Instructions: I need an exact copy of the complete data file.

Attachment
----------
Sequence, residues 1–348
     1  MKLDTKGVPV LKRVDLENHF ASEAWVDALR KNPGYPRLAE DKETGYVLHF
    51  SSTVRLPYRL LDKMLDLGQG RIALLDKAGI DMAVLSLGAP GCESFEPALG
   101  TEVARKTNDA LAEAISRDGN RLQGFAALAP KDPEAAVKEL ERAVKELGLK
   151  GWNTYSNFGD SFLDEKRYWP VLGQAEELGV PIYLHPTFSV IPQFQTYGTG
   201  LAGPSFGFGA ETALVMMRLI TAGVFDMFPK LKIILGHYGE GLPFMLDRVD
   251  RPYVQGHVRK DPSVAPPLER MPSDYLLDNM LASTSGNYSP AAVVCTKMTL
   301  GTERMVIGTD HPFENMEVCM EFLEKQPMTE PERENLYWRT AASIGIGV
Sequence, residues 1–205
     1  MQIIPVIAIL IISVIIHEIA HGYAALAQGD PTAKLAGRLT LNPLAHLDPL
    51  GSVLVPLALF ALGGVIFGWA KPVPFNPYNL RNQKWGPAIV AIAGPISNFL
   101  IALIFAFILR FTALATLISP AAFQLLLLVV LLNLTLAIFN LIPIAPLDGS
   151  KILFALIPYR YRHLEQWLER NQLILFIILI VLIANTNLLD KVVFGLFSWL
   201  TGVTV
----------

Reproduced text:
Sequence, residues 1–348
     1  MKLDTKGVPV LKRVDLENHF ASEAWVDALR KNPGYPRLAE DKETGYVLHF
    51  SSTVRLPYRL LDKMLDLGQG RIALLDKAGI DMAVLSLGAP GCESFEPALG
   101  TEVARKTNDA LAEAISRDGN RLQGFAALAP KDPEAAVKEL ERAVKELGLK
   151  GWNTYSNFGD SFLDEKRYWP VLGQAEELGV PIYLHPTFSV IPQFQTYGTG
   201  LAGPSFGFGA ETALVMMRLI TAGVFDMFPK LKIILGHYGE GLPFMLDRVD
   251  RPYVQGHVRK DPSVAPPLER MPSDYLLDNM LASTSGNYSP AAVVCTKMTL
   301  GTERMVIGTD HPFENMEVCM EFLEKQPMTE PERENLYWRT AASIGIGV
Sequence, residues 1–205
     1  MQIIPVIAIL IISVIIHEIA HGYAALAQGD PTAKLAGRLT LNPLAHLDPL
    51  GSVLVPLALF ALGGVIFGWA KPVPFNPYNL RNQKWGPAIV AIAGPISNFL
   101  IALIFAFILR FTALATLISP AAFQLLLLVV LLNLTLAIFN LIPIAPLDGS
   151  KILFALIPYR YRHLEQWLER NQLILFIILI VLIANTNLLD KVVFGLFSWL
   201  TGVTV